Humans share limb regeneration genes with gar fish

Gar fish. (Credit: Solomon David)

Gar, a toothy, freshwater fish, can reveal many evolutionary secrets—even possible genetic blueprints for limb regeneration in people, researchers report.

Scientists knew that salamanders can regrow full limbs after amputation. Ingo Braasch, an assistant professor of integrative biology at Michigan State University, and his team, however, were the first to study how gar and other fish regenerate entire fins. More importantly, the researchers focused on how they rebuild the endochondral bones within their fins, which are the equivalent of human arms and legs.

“Gars are often considered ‘dinosaur fish’ because of their ancestor-resembling body type,” Braasch says. “They’re becoming a popular, new research organism for biomedical research, largely in part because the gar genome is quite similar to the human genome.”

Ingo Braasch holds a gar fish (limb regeneration concept)
Evolution and gars—freshwater fish with toothy snouts—are so intricately intertwined that Ingo Braasch created a vanity license plate, highlighting his dedication to this research—”Garwin.” (Credit: Michigan State)

Garfish has been called a “bridge species,” as its genome is similar to both zebrafish—often used as a genetic model for human medical advances—and humans. Gar evolve slowly and have kept more ancestral elements in their genome than other fish. This means that along with serving as a bridge species to people, gar also are great connectors to the deep past.

So, by studying how fish regenerate fins, Braasch’s team pinpointed the genes and the mechanisms responsible that drive the regrowth. When they compared their findings to the human genome, they made an interesting observation.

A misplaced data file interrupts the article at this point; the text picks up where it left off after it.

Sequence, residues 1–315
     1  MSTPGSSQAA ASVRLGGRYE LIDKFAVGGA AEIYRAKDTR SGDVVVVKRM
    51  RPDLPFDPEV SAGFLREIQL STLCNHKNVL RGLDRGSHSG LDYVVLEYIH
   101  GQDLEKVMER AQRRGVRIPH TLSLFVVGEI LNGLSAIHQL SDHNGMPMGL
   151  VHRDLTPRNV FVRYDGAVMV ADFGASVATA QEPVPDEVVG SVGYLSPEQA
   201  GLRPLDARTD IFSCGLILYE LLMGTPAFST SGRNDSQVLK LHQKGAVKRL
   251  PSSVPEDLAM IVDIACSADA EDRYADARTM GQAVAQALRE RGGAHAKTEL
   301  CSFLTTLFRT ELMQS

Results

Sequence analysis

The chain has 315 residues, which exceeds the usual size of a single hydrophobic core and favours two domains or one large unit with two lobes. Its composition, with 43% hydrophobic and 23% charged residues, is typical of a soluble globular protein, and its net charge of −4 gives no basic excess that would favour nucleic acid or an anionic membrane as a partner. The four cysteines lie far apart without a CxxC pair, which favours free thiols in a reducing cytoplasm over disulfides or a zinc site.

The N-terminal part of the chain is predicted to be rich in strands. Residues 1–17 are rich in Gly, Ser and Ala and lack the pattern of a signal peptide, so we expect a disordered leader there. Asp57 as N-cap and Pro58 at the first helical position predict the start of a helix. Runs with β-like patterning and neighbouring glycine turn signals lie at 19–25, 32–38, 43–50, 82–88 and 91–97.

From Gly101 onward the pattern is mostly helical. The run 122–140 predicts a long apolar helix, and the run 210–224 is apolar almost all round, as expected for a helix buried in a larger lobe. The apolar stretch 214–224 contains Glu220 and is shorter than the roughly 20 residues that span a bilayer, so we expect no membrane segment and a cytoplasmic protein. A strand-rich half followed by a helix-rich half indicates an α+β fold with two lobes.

gar fin
Ingo Braasch has shown that gar, a toothy, freshwater fish, can reveal many evolutionary secrets—even possible genetic blueprints for limb regeneration in people. (Credit: Michigan State)

“The genes responsible for this action in fish also are largely present in humans,” Braasch says. “What’s missing, though, are the genetic mechanisms that activate these genes in humans. It is likely that the genetic switches that activate the genes have been lost or altered during the evolution of mammals, including humans.”

2 gar fish
Ingo Braasch studies the evolution of genomic and morphological relationships among vertebrate animals—connecting the past with the present—using gars as genetic models. (Credit: Solomon David)

Evolutionary speaking, this suggests that the last common ancestor of fish and tetrapods, or four-legged vertebrates, had already acquired a specialized response for appendage regeneration, and that this program has been maintained during evolution in many fish species as well as salamanders, he adds.

Continuing research into these key genes and missing mechanisms could eventually lead to some revolutionary medical advances.

“The more we study these commonalities among vertebrates, the more we can home in on prime targets for awakening this program for regenerative therapies in humans,” Braasch says. “Such direct biomedical advances remain in the distant future, but studies of fin regeneration in fish will continue to reveal much about the regenerative potential of vertebrates.”

The research appears in Proceedings of the National Academy of Sciences.

Additional researchers from Michigan State, Universidade de Federal do Para, Instituto Tecnologico Vale, Laboratorio de Biologia Molecular, James Madison University, and Leibniz Institute for Evolution and Biodiversity Science also contributed to this research.

Source: Michigan State University